Cross Community & The Equity Center recently concluded a comprehensive investigation into the critical post-pandemic needs of the people they serve, particularly low-income residents and immigrants in Gaithersburg and Montgomery Village.
As the state delegate for District 39, I also represent these respondents, who are among the poorest in Montgomery County, with 87 percent earning less than $ 40,000 a year. A survey of this magnitude of poor immigrants in the county is unprecedented, garnering more than 1,300 responses.
The results generated concrete data that corroborates what many in this work know well from experience: Some government programs struggle to connect with these populations.
These communities are often difficult to reach due to language barriers, lack of access to technology, and the inability to navigate the complex systems required to access support. Another problem is the inherent mistrust of the sources responsible for providing information, as many of these people are non-national immigrants.
These new findings, however, will give policymakers – perhaps for the first time – a remarkable window into the world of those living on the fringes. As a result, we can create more effective strategies to connect very hard-to-reach populations with support to ensure post-pandemic economic growth that includes everyone in Montgomery County, not just those who can afford it.
The Income Tax Credit (EITC) is an important and timely example.
The EITC is widely recognized as one of the most effective national poverty reduction programs. Maryland is one of 28 states that have adopted its own version of the EITC for state filers.
In early 2021, Maryland became one of three states to extend EITC eligibility to those who file with an Individual Tax Identification Number (ITIN). This opens the door to once-inaccessible benefits for tens of thousands of previously ineligible low-income workers in Maryland.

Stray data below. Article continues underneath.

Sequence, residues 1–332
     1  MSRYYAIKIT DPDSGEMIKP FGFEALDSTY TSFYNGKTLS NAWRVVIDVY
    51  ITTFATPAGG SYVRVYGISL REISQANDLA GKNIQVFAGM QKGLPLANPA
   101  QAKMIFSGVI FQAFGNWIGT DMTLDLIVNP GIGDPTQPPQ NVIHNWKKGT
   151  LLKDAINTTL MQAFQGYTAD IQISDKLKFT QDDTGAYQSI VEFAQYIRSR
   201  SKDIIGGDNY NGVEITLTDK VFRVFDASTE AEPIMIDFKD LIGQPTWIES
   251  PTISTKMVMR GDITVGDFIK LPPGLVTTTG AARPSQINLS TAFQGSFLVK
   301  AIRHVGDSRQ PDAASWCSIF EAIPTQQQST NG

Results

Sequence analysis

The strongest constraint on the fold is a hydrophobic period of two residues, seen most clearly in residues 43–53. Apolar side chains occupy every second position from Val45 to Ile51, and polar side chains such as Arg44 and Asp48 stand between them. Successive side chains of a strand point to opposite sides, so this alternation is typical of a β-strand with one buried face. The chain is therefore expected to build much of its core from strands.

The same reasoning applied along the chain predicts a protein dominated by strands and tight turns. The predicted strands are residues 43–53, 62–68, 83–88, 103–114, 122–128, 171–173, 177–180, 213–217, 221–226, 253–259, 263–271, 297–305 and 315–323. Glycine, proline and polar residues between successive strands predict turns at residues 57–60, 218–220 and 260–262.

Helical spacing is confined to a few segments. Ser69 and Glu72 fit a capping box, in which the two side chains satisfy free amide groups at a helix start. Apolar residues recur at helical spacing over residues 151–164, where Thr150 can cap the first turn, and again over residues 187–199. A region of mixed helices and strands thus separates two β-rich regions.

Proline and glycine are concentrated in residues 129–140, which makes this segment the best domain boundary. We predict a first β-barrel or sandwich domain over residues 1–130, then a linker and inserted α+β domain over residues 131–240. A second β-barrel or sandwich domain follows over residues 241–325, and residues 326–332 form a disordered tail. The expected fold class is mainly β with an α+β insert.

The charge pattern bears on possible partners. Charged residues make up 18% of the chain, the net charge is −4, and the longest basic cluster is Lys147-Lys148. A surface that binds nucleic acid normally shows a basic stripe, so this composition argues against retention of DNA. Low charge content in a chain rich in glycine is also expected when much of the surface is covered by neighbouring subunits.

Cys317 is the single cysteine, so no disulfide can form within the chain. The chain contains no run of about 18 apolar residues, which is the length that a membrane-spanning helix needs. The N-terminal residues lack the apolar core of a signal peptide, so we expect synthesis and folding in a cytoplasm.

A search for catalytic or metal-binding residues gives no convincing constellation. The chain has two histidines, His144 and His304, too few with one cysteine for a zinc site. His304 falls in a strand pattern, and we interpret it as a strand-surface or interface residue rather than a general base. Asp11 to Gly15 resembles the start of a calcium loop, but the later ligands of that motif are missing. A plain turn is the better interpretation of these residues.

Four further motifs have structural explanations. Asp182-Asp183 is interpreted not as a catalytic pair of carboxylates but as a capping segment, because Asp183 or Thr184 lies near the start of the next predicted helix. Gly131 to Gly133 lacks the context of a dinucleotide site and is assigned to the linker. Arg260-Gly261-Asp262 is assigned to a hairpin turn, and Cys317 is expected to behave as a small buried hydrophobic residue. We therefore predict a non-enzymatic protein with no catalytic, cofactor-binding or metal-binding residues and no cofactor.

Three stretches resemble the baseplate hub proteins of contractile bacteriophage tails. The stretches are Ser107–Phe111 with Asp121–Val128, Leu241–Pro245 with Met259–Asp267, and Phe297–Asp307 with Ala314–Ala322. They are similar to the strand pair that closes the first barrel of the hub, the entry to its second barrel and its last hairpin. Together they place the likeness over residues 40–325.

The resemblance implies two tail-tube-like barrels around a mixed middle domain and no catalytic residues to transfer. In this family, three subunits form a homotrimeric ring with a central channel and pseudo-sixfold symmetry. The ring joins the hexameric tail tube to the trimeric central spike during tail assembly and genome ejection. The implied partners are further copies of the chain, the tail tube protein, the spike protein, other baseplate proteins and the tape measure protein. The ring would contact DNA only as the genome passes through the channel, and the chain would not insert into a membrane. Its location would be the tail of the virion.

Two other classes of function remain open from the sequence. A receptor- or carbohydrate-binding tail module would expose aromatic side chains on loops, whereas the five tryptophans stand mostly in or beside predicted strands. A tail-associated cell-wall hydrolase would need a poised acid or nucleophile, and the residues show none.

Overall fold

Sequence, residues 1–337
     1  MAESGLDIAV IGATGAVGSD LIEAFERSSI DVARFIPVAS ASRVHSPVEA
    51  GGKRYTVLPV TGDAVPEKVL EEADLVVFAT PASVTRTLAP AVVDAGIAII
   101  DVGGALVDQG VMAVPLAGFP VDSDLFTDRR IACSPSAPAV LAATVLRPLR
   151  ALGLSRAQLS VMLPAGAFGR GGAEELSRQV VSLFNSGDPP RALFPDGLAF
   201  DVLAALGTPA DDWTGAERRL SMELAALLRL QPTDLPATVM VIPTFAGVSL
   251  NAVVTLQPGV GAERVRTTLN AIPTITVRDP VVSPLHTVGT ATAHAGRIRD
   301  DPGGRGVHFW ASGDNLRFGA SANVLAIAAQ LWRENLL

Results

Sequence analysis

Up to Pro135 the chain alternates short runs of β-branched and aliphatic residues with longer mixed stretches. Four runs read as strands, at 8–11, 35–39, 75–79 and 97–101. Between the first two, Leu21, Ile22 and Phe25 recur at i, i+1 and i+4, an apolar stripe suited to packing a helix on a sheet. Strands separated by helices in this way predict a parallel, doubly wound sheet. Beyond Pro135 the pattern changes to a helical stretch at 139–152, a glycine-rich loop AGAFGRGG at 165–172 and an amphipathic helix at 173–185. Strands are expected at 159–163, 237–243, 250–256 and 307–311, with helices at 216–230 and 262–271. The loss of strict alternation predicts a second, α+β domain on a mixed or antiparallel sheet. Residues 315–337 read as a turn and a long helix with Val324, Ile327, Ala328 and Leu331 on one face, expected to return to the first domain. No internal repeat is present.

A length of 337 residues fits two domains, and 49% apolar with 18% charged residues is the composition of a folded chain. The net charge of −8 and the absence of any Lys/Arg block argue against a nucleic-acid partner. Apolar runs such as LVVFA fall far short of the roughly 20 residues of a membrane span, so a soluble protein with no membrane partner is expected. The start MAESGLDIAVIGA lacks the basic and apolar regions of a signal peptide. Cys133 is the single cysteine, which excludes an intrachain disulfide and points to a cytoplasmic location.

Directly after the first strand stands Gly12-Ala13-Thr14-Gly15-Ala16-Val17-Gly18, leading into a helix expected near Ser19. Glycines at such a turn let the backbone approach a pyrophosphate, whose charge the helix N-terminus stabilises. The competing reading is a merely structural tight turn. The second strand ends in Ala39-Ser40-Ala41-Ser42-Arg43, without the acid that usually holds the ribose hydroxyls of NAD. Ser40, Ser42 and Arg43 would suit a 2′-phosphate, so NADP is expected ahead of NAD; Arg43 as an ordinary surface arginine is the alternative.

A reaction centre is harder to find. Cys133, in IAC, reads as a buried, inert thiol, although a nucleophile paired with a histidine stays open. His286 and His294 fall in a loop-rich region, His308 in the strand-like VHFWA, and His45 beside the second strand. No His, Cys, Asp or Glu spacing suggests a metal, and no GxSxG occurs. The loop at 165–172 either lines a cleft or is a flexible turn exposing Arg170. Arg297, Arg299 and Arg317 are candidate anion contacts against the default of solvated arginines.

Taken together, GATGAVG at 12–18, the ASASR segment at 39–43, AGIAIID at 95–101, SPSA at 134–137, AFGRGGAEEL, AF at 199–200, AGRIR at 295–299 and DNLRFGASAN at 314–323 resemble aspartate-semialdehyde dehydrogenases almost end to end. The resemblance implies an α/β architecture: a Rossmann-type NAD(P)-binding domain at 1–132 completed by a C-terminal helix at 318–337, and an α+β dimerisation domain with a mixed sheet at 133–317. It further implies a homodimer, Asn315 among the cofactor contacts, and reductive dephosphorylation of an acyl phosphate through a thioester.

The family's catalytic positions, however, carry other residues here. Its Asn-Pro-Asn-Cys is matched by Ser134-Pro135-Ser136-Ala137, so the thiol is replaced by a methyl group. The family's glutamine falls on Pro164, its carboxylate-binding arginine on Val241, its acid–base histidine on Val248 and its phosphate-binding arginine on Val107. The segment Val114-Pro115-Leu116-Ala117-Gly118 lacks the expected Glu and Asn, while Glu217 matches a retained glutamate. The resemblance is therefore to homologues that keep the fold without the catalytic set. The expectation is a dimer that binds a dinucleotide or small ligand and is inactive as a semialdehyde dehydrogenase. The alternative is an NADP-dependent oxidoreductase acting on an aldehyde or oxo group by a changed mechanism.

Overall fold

I am proud to say that Montgomery County has seized on this powerful and positive legislation by now allowing low income households to double their EITC through the Income Supplement for Working Families Program (WFIS). This means that residents who responded to this survey will have a real chance to find a path to stability – that is, if these low-income workers know about and can access the EITC.
It is much more likely that barriers ranging from language to technology to general mistrust of government will not produce the results of EITC participation that we hope.
According to the Urban Institute, approximately 5 million potentially eligible taxpayers in the United States do not apply for EITC credit each year, resulting in approximately $ 7 billion in unclaimed benefits each year. This represents almost 20 percent of eligible filers who do not apply for the EITC.
Our challenge is to fully connect our hard-to-reach communities with these important resources.
To avoid missing the target on delivering the EITC and other anti-poverty benefits, such as the child tax credit, my colleagues and I need to tap into the expertise of organizations on the issue. land like Cross Community and The Equity Center.
Smart government requires partnership with groups that have established deep and trusting relationships with the individuals and families that our policies are intended to serve and are, as such, the most logical entities in determining the best way to reach them.
By empowering and investing in organizations already established in the community, we can ensure that the hardworking members of our county who live below the poverty line can fully benefit from these hard-earned services and resources.
Lesley Lopez lives in Germantown and is Maryland’s 39th State Delegatee District.
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